Loading articles...

Alberta's Kenney facing criticism for Sir John A. Macdonald comments

Last Updated Aug 31, 2020 at 8:56 am MDT


Alberta Premier Kenney called the protesters in Montreal a 'roving bands of thugs' for toppling the Macdonald statue

The John A. Macdonald statue has been repeatedly targeted by vandals who see it as a symbol of racism and colonialism

Montreal Mayor Valerie Plante condemned the vandalism of the statue

CALGARY (660 NEWS) – Alberta Premier Jason Kenney is facing backlash after denouncing Black Lives Matter protesters for toppling a statue of Sir John A. Macdonald in Montreal over the weekend.

In a series of tweets sent Saturday afternoon, Kenney called the statue’s toppling and beheading an act of “vandalism” caused by “roving bands of thugs.”

The Alberta premier also said he would be “happy to receive (the statue) for installation on the grounds of Alberta’s Legislature.”

Those comments are not sitting right with a Calgary teacher.

“These groups are trying to tell you, as a leader, what this statute means to them,” said high-school teacher Courtney Walcott. “And your first response is, ‘I’ll take that symbol of hate and trauma and violence, and will proudly display it on the front steps of the Alberta Legislature.’

“It’s very clear where his position is on actually listening to the people that he is supposed to represent.”

Calgary city councillor Sean Chu and Alberta’s Minister of Justice Kaycee Madu have supported Kenney’s comments.

The John A. Macdonald statue, which sits in Montreal’s Place du Canada, has been repeatedly targeted by vandals who see it as a symbol of racism and colonialism.

READ MORE: Defund the police demonstrations being held across Canada

Other statues of Macdonald – Canada’s first prime minster – have been an issue of contention across the country. Macdonald’s tenure included instituting the Indian Act, creating residential schools and employing starvation tactics to control Indigenous people.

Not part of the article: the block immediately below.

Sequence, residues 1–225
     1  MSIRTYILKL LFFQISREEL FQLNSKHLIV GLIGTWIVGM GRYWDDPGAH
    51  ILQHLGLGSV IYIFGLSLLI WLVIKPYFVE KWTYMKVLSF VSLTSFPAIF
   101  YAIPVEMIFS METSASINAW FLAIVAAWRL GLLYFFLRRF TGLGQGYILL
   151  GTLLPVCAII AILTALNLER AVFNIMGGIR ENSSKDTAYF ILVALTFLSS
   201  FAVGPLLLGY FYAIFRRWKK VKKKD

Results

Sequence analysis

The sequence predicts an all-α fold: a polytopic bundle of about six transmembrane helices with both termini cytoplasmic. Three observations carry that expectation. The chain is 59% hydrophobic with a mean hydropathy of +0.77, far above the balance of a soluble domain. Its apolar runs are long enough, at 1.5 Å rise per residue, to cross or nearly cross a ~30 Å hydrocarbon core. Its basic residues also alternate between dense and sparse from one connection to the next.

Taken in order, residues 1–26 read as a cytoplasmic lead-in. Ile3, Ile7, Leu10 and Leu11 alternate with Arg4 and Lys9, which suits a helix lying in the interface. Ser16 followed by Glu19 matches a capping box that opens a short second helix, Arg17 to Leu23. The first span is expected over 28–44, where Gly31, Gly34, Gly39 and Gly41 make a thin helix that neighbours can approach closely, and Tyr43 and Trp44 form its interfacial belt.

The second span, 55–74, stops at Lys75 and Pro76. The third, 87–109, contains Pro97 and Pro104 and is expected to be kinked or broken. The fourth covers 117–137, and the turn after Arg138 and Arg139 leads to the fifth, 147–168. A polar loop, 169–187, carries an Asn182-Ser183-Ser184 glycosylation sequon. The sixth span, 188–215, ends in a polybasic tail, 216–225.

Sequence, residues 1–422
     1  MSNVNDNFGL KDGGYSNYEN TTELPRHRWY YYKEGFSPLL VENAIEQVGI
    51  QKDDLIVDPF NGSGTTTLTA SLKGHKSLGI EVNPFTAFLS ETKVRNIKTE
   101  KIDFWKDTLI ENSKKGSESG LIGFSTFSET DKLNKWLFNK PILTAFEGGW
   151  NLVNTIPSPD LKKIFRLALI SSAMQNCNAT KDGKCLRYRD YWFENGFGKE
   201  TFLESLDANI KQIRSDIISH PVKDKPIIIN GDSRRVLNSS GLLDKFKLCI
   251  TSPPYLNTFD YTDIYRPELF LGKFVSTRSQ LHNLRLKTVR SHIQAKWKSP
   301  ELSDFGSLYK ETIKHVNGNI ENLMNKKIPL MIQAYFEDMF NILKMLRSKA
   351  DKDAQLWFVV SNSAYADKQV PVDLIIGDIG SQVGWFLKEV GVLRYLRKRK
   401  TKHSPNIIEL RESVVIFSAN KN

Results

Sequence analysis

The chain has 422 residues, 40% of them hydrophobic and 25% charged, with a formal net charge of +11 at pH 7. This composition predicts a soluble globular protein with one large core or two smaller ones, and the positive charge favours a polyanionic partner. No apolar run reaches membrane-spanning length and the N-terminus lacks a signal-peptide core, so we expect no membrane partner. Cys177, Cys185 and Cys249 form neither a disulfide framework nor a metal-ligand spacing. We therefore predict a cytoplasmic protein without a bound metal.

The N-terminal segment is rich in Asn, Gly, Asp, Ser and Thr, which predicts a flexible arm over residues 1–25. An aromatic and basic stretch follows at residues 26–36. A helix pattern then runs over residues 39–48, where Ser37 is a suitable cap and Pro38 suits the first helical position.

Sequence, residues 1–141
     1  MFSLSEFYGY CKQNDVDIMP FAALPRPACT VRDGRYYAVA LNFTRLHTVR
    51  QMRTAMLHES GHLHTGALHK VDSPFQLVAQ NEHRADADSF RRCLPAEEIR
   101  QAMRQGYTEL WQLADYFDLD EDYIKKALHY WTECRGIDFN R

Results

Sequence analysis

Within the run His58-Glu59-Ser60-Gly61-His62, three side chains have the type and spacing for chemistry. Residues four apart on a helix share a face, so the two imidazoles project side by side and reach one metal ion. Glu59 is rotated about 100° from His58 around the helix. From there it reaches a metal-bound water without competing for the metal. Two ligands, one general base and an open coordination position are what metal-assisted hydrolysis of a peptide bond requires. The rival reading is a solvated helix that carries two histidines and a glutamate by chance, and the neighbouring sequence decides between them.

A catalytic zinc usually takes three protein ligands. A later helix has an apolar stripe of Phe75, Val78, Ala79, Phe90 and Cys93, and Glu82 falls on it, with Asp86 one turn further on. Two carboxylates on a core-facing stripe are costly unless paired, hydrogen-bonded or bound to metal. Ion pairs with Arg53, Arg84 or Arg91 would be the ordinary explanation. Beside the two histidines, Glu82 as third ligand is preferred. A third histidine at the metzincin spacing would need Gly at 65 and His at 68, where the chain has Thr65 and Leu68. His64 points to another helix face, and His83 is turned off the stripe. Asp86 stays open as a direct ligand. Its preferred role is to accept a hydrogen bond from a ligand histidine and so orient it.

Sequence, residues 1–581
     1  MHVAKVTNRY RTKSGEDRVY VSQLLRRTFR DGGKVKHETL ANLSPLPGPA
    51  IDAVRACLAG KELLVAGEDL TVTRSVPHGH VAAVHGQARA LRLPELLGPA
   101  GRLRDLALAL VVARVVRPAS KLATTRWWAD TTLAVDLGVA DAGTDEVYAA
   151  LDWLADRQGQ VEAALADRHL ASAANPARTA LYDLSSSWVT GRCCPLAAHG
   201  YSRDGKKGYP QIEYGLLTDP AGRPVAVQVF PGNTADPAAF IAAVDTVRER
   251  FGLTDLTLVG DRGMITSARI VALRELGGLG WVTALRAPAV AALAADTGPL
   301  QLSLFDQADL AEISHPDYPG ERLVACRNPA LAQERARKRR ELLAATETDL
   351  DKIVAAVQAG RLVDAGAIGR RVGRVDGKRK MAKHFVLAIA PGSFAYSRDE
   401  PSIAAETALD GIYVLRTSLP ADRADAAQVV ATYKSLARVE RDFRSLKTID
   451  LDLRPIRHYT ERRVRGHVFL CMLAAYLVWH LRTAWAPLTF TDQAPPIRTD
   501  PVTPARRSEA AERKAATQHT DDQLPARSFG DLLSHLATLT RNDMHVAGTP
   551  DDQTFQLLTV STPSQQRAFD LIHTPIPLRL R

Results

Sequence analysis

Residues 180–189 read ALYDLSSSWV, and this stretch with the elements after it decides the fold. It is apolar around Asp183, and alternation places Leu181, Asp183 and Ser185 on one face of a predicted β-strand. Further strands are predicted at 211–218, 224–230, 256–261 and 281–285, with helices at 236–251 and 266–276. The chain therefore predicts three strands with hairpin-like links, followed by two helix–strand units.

It’s something Kenney acknowledged, saying “Macdonald and the country he created were flawed but still great… It’s right to debate his legacy and life.”

But Walcott says Kenney’s response – and the fact that Calgary has a school named after Macdonald – perpetuates a narrative that the first prime minister’s actions were commendable.

“The fact that anyone in Black Lives Matter, anyone who is Indigenous, anyone who is LGBTQ+ are protesting – that’s the great part of this country. They are using their constitutional right to create changes.”

“The flawed parts of our country, that’s what they’re seeking to change.”

Montreal Mayor Valerie Plante condemned the vandalism of the statue of Macdonald, which she said could be neither tolerated nor accepted.

“I understand and share the motivation of citizens who want to live in a more just and inclusive society,” she said in a statement. “But the discussion and the acts to be taken must be done in a peaceful manner, without ever resorting to vandalism.”